Charm had never been a tool in Veronica’s box; fires pitters rarely dabbled in subtle impressions. Regardless, she folded her hands behind her back, kicked her foot through the sawdust bashfully.
“Jakey-Jake,” she pouted, “friend, goodman, I’m just…” She shivered dramatically, clutching her shawl about her shoulders. “…freezing. A terrible chill has caught me. Bit of straw may be good for the beasts but need something hot in my blood. Please, one drink. A few minutes before the hearth. That’s all.”
“Jacob,” he corrected brusquely, hissed smoke in her direction. It brushed her cheeks like lechers’ fingers. She fought the urge to blink even though he wasn’t looking; he admired the burning ember at the end of his rollup. “Know who greeted us on our way into town?”
Veronica grit her teeth. The Sheriff, obviously, but obviously not. You love your little traps and lures, don’t you, whoreson? She said nothing, only shrugged, ignorance the safest bet.
“A young lady, about your age, I think. Hard to tell, of course. Burnt to cinders as she was, left on a wheel. With half a hundred others to keep her company.” He held his arms out wide in greeting. “Welcome to Keeper Country, the backwater’s backwater. Where they make fanatics. Lucky us, however, Sheriff’s just the right mix a smart an’ chickenshit to know not to wrastle the bear what’s wandered on your lawn when you’ve forgot your gun an’ its eyes are on ya. We’re clingin’ by a thread here, missy. And I’ll not be havin’ you kill the lot of us over a nip and a song. Aye? Savvy?”
He traced circles in the air with a fingertip, curls of smoke followed his movements until a vaporous noose formed in the air and floated into the rafters.
Veronica stood firm, arms across her chest, teeth grinding, acutely aware of the mildew scent of her shawl, the nits in her hair, the nails in her spine, and that same vibration in her boots rattling up to her knees. She could coo. She could beg. She could flirt. No, she thought. No, damn it all.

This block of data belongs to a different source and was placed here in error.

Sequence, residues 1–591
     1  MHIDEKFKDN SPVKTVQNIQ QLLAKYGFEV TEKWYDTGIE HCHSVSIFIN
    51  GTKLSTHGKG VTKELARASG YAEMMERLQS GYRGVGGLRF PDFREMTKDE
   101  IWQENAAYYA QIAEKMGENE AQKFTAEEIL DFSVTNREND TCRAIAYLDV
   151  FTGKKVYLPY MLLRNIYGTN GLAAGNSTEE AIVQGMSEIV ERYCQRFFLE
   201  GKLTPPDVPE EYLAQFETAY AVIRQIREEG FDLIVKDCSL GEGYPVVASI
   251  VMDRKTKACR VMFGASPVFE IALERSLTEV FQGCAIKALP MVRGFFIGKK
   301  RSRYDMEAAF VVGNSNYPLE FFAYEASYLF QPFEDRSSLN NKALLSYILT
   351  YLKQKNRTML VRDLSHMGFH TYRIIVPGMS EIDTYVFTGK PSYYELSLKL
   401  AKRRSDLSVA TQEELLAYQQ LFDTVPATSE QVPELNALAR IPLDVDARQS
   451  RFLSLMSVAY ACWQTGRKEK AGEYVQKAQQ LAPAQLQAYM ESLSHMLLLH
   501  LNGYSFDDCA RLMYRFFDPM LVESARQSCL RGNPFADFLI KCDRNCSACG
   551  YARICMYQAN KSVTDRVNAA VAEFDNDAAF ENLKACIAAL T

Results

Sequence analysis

“Bleeding fucking cunt, you are, Jacob DuQuesne,” she said, loud enough for all to hear. The room went quiet, all eyes on them.
Jacob shrugged with a grin. “Reckon I am. But we’ll be alive come mornin’. Till then, you can staunch your bloody cunny with straw for all I care.”
“That what you been stuffing up your own minge?”
The room froze down to the blood coursing in their veins. Only Iscah moved, vainly distracting little Tali with a new problem on her slate, the little girl’s sight frozen on Veronica and Jacob.
Coals burned behind the thin man’s eyes. He took a long drag on his cigarette. Veronica’s fingers bit into the knitting of her shawl, drawing it tighter around her shoulders as though that would serve a shield from the man’s wrath. She knew better than to open her arms, form a fist. She’d seen Jacob draw his gun faster than a man could blink, crack a man’s temple before his fingers got the orders from his spine. The ring of flesh above her right eye flared again, memory crackling on her flesh like an iron brand, white-hot. The memory spread to her knees, the chill of mud stinging there, a coat of it over her writhing carcass, ants scurrying beneath her skin, the Turn upon her, she knew. And there stood Jacob, on his feet, iron in his hand, the barrel set firmly to her brow. Click, said the hammer. His icy eyes said nothing. She’d begged him to pull the trigger, then. The thought tore her breaths ragged, throat gone dry as a husk. She felt herself trembling before the man, feeling a fool. Veronica Dahle does not tremble at a man’s fist, she told herself.